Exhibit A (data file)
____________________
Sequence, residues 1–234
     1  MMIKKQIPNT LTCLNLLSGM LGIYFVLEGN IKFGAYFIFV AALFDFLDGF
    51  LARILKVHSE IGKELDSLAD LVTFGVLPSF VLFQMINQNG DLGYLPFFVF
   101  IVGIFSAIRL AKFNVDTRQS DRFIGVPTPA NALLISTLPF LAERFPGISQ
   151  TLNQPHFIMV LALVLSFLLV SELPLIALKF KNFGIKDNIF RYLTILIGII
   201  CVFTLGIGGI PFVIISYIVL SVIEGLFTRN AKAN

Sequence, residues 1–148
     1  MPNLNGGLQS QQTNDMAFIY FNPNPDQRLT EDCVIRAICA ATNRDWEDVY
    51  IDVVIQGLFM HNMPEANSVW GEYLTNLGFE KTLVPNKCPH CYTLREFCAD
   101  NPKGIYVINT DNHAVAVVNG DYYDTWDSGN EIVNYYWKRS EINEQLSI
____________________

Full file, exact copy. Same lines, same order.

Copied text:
Sequence, residues 1–234
     1  MMIKKQIPNT LTCLNLLSGM LGIYFVLEGN IKFGAYFIFV AALFDFLDGF
    51  LARILKVHSE IGKELDSLAD LVTFGVLPSF VLFQMINQNG DLGYLPFFVF
   101  IVGIFSAIRL AKFNVDTRQS DRFIGVPTPA NALLISTLPF LAERFPGISQ
   151  TLNQPHFIMV LALVLSFLLV SELPLIALKF KNFGIKDNIF RYLTILIGII
   201  CVFTLGIGGI PFVIISYIVL SVIEGLFTRN AKAN

Sequence, residues 1–148
     1  MPNLNGGLQS QQTNDMAFIY FNPNPDQRLT EDCVIRAICA ATNRDWEDVY
    51  IDVVIQGLFM HNMPEANSVW GEYLTNLGFE KTLVPNKCPH CYTLREFCAD
   101  NPKGIYVINT DNHAVAVVNG DYYDTWDSGN EIVNYYWKRS EINEQLSI